The old standard incandescent light bulbs, as already mentioned, produce light that is heavily in the red and invisible infrared wavelengths. Through we cannot see infrared radiation, we can feel it as heat. An incandescent bulb radiates a lot of infrared or heat radiation. In a small, enclosed room, one light bulb will rapidly raise the temperature of the room through its large output of heat. When used in brooders and other small enclosed places, a small bulb produces enough heat to keep the temperature of a small area very warm for young gallinaceous birds, or baby psittacines that are being hand-fed. A bulb that is too large can put out so much heat that it will dehydrate, burn and kill sensitive baby birds. A small 7-watt bulb can even be used as a temporary incubator when nothing else is available. These incandescent light bulbs do not emit any light in the ultraviolet wavelengths.
The commonly used fluorescent lighting tubes are made to emit more blue or other colors of light, depending on their purpose. Unless they are specifically manufactured to do so, they emit little or no light in the red or infrared ranges of the spectrum, and little or no ultraviolet light. Those that are manufactured as ‘daylight’ fluorescent tubes have a better balance of the light colors of the spectrum. The commercial tubes that go by the brand names Vita-Lite and Kiva have a good balance of the light wavelengths that are nearest to the balance of natural sunlight, but they range from two to ten times the cost of the standard fluorescent tubes.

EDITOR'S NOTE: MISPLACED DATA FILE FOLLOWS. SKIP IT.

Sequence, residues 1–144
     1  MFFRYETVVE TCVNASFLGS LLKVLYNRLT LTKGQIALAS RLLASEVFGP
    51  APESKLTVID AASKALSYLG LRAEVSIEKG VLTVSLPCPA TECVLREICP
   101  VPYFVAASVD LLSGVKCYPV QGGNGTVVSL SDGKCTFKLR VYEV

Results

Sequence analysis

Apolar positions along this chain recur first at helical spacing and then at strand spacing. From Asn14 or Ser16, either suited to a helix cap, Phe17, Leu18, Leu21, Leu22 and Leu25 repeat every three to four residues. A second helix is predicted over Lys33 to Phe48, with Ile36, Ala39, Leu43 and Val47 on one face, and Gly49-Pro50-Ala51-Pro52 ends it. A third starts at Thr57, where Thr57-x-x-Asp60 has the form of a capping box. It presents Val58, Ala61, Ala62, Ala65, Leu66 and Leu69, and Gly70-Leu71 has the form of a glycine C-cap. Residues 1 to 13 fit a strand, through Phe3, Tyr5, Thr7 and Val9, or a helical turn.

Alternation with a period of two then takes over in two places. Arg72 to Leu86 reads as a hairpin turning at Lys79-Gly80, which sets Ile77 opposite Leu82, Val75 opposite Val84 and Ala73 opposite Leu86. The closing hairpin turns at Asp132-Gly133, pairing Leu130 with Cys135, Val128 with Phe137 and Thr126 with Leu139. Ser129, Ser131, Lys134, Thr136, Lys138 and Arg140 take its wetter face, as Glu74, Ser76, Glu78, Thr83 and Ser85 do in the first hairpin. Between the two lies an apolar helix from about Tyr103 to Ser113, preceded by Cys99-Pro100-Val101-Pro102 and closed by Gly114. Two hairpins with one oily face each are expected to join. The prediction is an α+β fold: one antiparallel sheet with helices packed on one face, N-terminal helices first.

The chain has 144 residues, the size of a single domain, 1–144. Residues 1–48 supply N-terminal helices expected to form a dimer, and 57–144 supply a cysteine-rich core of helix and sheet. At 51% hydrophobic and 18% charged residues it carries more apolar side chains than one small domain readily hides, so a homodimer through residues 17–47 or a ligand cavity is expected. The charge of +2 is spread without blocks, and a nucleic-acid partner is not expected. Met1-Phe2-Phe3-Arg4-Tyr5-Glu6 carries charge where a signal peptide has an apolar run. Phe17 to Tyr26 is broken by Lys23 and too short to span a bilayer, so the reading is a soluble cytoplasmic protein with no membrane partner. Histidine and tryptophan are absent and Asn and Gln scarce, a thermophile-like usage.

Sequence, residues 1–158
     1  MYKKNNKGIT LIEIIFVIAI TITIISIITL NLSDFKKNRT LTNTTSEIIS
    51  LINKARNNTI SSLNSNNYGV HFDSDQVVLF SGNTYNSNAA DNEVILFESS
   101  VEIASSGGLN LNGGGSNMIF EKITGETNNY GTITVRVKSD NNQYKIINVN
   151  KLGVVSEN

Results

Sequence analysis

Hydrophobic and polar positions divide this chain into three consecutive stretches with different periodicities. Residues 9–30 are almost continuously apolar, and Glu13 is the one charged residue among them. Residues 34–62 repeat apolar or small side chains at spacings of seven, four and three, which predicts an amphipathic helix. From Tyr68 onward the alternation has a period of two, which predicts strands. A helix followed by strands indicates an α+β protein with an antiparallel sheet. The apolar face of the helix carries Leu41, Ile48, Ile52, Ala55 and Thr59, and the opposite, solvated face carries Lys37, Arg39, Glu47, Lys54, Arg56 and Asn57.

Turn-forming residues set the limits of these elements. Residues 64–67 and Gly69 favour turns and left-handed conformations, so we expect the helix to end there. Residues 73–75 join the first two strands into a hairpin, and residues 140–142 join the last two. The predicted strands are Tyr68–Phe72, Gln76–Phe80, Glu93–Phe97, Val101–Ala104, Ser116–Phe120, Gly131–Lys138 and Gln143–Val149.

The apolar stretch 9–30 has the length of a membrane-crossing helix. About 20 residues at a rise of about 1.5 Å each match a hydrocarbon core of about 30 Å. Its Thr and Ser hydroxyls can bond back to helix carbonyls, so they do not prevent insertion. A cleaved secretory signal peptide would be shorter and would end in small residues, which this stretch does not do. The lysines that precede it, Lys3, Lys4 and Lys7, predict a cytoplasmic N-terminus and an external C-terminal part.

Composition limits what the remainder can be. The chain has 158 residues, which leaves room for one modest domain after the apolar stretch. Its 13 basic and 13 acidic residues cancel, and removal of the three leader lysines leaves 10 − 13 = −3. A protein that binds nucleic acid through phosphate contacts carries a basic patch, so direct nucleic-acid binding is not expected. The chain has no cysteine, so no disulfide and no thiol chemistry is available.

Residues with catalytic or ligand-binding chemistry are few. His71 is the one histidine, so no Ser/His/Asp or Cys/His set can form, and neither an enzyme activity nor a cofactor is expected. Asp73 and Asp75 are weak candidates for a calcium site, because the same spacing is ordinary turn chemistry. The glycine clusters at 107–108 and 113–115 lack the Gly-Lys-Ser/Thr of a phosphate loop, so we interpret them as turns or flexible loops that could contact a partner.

A report published in the November, 1971 monthly issue of the American Cage-Bird Magazine illustrates the importance of full-spectrum lighting in maintaining any birds in captivity. The Bronx Zoo had for four years maintained a group of Tufted Puffins under artificial lights. During this time, there had been no breeding attempts. However, when the Zoo installed full-spectrum lighting, the puffins produced a fertile egg for the first time in captivity.